Ryan Hanigan has been a part-time catcher for years. He has little power, but typically hits for a decent average, draws walks, is great at gunning down base stealers, gets high marks for pitch framing, and has never struck out in more than 11 percent of his plate appearances at this level. In 2013, he fell out of favor with the Reds by randomly hitting .198 over 222 plate appearances. Bargain-hunting Tampa Bay promptly swooped in, acquired him, and extended him for multiple seasons. Oh Rays, that's so ... you.
David Price is an extremely tough customer. No, he didn't get the Cy Young again last year, but he led the American League in walks per nine innings on his way to another fine season. He has great command of his mid-90s fastball, changeup, curve, and cutter. He's murder on lefties, as one might imagine, and happens to pitch in one of the worst home parks for right-handed hitters. Price's talent alone would have been enough to make him great, but the fact that the Rays have consistently fielded a very good defensive team during his tenure hasn't hurt his image one bit.
There is a seemingly endless stream of young Rays pitchers who get promoted to the big leagues and waste no time posting ERAs below 4.00. Chris Archer is the latest model from the factory, a pitcher that comes with mid-90s heat and throws lots of sliders. Someplace in transit between Durham and Tampa Bay, Archer mysteriously figured out how to throw strikes. His 2.7 BB/9 in 2013 was far lower than anything he managed at any minor league level. So far this season, the control has only gotten better. Archer has yet to allow a home run this season and as of this writing leads the American League in FIP.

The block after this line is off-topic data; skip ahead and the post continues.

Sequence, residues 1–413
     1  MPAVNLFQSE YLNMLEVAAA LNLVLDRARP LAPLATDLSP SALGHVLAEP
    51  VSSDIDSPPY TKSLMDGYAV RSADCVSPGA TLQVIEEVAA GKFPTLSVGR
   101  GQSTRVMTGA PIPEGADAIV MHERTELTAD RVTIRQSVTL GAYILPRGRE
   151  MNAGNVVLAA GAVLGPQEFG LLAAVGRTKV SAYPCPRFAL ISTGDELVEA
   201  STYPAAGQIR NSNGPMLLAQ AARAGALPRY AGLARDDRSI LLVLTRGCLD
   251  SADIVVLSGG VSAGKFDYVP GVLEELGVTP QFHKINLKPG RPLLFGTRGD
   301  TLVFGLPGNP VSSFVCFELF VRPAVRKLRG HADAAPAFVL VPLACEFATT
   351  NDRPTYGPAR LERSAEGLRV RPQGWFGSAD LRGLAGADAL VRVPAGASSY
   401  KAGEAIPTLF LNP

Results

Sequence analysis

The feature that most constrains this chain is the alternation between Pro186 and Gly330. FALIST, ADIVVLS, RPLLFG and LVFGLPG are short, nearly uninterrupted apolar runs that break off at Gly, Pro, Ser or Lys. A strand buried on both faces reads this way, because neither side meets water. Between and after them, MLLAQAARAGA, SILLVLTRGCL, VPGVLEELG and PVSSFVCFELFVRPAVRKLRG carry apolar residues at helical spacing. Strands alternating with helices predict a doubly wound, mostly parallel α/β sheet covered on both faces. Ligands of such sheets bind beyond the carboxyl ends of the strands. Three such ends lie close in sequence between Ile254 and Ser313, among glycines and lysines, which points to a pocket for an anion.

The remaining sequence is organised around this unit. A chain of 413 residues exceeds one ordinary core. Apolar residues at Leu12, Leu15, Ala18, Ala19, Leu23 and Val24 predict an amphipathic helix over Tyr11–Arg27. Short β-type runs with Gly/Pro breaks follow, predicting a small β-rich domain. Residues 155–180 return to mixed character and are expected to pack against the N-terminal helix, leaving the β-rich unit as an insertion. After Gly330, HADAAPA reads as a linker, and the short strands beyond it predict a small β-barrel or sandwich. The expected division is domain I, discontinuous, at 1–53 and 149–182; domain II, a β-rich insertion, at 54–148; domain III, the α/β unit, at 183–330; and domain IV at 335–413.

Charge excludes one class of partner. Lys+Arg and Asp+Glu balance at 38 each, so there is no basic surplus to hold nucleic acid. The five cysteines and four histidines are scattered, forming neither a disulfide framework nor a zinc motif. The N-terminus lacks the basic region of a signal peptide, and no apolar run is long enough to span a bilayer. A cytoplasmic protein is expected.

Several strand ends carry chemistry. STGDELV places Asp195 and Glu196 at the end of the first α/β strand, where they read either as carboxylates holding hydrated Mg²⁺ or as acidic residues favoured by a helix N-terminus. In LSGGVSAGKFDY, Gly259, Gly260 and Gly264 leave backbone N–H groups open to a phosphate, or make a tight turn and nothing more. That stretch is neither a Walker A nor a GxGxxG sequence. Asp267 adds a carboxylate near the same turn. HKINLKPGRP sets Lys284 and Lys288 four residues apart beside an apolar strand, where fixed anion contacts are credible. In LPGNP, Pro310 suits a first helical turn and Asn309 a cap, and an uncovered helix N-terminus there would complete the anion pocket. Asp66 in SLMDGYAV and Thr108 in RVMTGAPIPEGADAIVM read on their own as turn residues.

Jake Odorizzi is probably best known for the fact that he's been traded for Zack Greinke and James Shields in his young career. He'd like to add more impressive feats than that to his legacy, but he's had an inauspicious start to his big league career. Odorizzi has a good low-90's fastball, but big league hitters have had an easy time making contact with his off-speed pitches. So far in 2014, he's been walking far too many hitters than a pitcher with his repertoire can support. Ideally, Odorizzi would pitch for a team that can be patient as he hones his craft, but more than half of Tampa's better starters are disabled and the Rays haven't played meaningless first-half games since 2007. There's plenty of pressure on him to step up.
Cesar Ramos has been a capable swingman for the Rays for a couple of years, but injuries to Alex Cobb and Matt Moore have forced him into the rotation. He's a natural choice for spot starts given that he mixes four pitches, all of which are adequate but none of which are great. Ramos has had some control problems this year in the early going, resulting in a 4.91 ERA. He's a good guy to have around, but if he makes too many starts for your team, things have gone pretty wrong.
2014 serves as evidence that good teams, too, will turn to Erik Bedard in their time of need. Bedard keeps getting chances because he was once great for the Orioles, but he hasn't been much better than a replacement-level starter over the past few seasons. He's still been able to miss bats as he trucks on into his mid-30's, but walks have become a problem in recent years. Bedard's average fastball velocity has gradually dropped down to the high-80s as he's aged. Given that he's left-handed, there might be some hope for him as a situational bullpen arm if his stuff plays up in relief.
To the best of my knowledge, the Australian government has yet to issue a formal apology for Grant Balfour. The loudmouthed Aussie gets a good amount of strikeouts and allows lots of fly balls. He's a great fit for cities with parks that suppress homers, like those in Tampa Bay and Oakland. Balfour has consistently allowed a low rate of base hits, and this has allowed him to develop into a reasonably good closer over the past several seasons.
Outlook & Prediction: I originally had the Rays edging out the Red Sox for first place, but I think the season-ending injury to Matt Moore hurts them enough to swing the tide. Tampa Bay doesn't have great options for the rotation as they wait for Alex Cobb and Jeremy Hellickson to return. Predicted record and finish: 89-73, 2nd place, AL East